“Dad’s getting worse, Sue, what are we going to do about it?” John said, noticeably upset.

“Well, you’re not going to push him off on me, John. You get me so mad that I start crying.”

John was oblivious to Sue’s tears.

“I just suggested that you take Dad in for six months while I get married and go on my honeymoon. When Alice and I get settled, then we can make some permanent plans for the old man.”

“Six months! Come on, John, I’ve got a life too! I can’t be saddled with a senile old man. What will Tom think? It might just destroy our fragile relationship. It’s probably my last chance at happiness!”

Six months later:

“Well, John, now that you’ve had your way and got rid of Dad while you got settled with Alice, now what? What are we going to do with this eighty year old man that doesn’t even seem like our father? I’m lucky Tom is still interested in me.”

“Well, I can’t take him, period. Alice is now pregnant. We just couldn’t cope. We will have to put him in a home,” said John, not even looking at Sue.

Sue nodded reluctantly.

A year later, after their father’s funeral: John and Sue were siting on the bench by Buckingham Fountain.

“Well, I hope you’re satisfied, John. Dad died in that home of a broken heart,” said Sue, accusingly.

“You didn’t want to take him either, Sue. Don’t throw all the guilt on me.”

“Maybe we could have made his life happier at the last, but that’s water under the bridge now,” said Sue.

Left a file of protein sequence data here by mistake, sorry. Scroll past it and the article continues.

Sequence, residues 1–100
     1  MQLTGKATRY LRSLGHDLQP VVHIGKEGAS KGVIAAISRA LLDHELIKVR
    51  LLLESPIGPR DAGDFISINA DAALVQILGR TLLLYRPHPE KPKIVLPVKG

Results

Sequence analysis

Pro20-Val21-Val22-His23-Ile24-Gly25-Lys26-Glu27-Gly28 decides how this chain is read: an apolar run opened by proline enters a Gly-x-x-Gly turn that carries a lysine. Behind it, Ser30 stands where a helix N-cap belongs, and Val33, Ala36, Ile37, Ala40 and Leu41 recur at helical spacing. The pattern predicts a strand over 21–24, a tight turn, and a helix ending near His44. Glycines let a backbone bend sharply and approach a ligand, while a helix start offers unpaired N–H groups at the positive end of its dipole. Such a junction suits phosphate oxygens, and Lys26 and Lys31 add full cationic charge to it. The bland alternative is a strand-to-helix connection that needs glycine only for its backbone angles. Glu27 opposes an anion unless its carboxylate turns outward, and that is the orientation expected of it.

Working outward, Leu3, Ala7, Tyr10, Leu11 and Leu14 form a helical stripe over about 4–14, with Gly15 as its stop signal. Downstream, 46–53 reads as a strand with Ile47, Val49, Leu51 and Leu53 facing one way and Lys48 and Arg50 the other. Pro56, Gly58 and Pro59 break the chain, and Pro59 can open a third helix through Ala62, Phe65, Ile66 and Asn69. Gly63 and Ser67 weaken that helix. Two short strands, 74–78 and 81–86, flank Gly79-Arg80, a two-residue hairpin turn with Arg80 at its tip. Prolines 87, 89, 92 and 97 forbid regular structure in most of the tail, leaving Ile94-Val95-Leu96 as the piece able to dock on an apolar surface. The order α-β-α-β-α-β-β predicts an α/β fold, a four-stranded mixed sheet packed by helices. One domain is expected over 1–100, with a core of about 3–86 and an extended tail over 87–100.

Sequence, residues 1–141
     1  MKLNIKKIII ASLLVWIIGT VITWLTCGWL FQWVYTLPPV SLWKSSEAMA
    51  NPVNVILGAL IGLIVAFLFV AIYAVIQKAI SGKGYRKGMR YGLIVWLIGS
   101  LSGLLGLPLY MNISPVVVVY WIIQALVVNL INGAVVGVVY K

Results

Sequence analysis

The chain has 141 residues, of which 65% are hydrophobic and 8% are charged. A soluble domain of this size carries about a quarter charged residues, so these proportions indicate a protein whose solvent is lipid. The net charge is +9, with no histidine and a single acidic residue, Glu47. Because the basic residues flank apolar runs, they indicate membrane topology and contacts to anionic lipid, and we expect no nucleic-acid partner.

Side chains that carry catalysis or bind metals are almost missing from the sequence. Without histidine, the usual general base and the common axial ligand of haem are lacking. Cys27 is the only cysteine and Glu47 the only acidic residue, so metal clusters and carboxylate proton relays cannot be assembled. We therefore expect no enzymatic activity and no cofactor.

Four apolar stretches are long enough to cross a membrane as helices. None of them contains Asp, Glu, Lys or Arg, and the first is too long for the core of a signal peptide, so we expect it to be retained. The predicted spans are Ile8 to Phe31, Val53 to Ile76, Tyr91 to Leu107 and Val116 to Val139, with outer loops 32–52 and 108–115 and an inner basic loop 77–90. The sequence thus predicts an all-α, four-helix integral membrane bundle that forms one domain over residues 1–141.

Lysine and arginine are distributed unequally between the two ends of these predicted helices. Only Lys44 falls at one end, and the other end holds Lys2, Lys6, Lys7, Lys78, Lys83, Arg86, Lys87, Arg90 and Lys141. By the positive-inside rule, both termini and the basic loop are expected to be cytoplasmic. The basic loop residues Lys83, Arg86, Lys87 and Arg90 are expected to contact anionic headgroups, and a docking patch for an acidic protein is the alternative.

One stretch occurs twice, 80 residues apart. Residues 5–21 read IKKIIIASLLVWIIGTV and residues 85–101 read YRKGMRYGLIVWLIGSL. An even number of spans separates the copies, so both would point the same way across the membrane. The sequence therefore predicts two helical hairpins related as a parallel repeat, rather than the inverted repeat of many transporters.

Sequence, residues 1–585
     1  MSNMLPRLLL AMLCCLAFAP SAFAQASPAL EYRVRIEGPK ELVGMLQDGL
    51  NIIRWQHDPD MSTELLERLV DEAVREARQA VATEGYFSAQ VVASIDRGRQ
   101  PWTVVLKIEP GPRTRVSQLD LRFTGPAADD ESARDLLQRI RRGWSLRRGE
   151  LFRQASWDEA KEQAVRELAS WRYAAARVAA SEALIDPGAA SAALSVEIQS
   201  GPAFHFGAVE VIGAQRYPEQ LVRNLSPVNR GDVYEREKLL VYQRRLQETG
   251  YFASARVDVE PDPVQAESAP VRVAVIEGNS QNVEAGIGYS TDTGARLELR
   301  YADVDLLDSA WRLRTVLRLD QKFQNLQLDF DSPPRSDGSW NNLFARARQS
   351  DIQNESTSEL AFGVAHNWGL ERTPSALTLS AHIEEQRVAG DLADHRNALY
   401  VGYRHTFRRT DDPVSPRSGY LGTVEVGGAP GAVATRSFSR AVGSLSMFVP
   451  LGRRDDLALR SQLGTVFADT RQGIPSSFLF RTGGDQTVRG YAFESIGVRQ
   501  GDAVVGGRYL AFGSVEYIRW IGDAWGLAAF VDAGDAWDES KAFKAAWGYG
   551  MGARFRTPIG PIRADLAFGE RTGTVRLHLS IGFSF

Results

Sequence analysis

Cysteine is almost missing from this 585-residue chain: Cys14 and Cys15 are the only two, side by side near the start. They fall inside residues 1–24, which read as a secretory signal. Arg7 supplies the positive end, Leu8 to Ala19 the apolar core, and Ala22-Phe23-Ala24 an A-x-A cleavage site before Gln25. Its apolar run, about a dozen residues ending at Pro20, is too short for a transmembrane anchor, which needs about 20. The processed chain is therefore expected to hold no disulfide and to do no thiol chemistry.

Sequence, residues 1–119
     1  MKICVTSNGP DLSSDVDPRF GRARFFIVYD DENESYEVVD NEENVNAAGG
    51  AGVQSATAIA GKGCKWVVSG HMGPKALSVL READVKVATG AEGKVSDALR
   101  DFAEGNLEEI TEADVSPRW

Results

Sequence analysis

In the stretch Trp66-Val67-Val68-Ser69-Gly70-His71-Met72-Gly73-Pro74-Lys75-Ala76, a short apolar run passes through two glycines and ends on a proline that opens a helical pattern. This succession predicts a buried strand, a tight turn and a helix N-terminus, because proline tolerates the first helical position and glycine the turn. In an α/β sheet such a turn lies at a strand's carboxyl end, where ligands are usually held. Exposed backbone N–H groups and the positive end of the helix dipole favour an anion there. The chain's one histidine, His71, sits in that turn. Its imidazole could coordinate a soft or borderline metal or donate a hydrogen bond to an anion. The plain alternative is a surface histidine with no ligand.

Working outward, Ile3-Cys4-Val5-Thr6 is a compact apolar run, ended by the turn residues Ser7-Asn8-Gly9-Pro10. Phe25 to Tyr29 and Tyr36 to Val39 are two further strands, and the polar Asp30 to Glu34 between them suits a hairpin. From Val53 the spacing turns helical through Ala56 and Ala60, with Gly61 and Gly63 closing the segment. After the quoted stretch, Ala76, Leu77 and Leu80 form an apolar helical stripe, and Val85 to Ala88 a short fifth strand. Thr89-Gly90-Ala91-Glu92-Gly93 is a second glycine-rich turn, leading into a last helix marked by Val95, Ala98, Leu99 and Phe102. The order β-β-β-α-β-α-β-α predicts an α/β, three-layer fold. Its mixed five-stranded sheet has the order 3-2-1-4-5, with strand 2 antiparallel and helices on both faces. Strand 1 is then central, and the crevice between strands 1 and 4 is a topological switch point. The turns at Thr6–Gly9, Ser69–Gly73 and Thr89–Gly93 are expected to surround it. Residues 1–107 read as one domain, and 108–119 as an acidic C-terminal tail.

“We will just have to live with our guilt feelings, Sue.”

Sue got up and walked away from her brother.

It started to rain.


I live alone so I decided to get a pet for company. I was undecided on what to get, until I visited my cousin, who was in a new relationship.

He opened a bottle of wine and we sat listening to mood music while his new lady went into the kitchen to prepare a pasta dish.

Apparently, they met at the gym, on adjoining running machines. My cousin was obviously happy and I congratulated him on his good fortune. Then it walked slowly into the room. It arched its back and hissed at me.

“You have a cat?” I said.

“Yes, isn’t it cute?”

“But you have never been a cat person.”

“It’s hers, now it’s ours.”

“You are allergic to cats.”

“The allergist said this cat has very short hair, so it’s okay.”

“You hate cats, remember?”

“No, you’re mistaken. I like cats,” he said, looking toward the kitchen.

He then picked up the animal and rubbed it under its chin. It then scratched his arm.

“Playful little thing,” he said, wiping the blood away with his hanky.

Just then his lady came in with the appetizers.

“Oh, you’ve been playing with Millie.”

“Millie attacked him!”

“Oh, she’s just playing.”

“Oh yeah, if Millie was bigger I think she’d rip his throat out.”

His lady looked daggers at me. I think she then arched her back.

“I take it you don’t like cats.”

“You’re right there, lady. Ninety per cent of men dislike cats.”

“I know lots of men who like cats.”

“They lied.”

“Why would they lie?”

“They are wimps who want to please women. They know most women like cats.”

The cat lady looked at my cousin.

“You like cats don’t you, darling?”

“Yes honey, I love them,” he said, stroking the feline’s head and withdrawing his hand fast before it got his fingers.

“No, he likes dogs. You never read stories about cats recuing people or being watchful and driving off bandits or wolves.”

My cousin’s lady looked at him and said:

“Do you really prefer dogs?”

“Of course not,” my cousin whimpered.

“I hate dogs, they’re barking all the time.”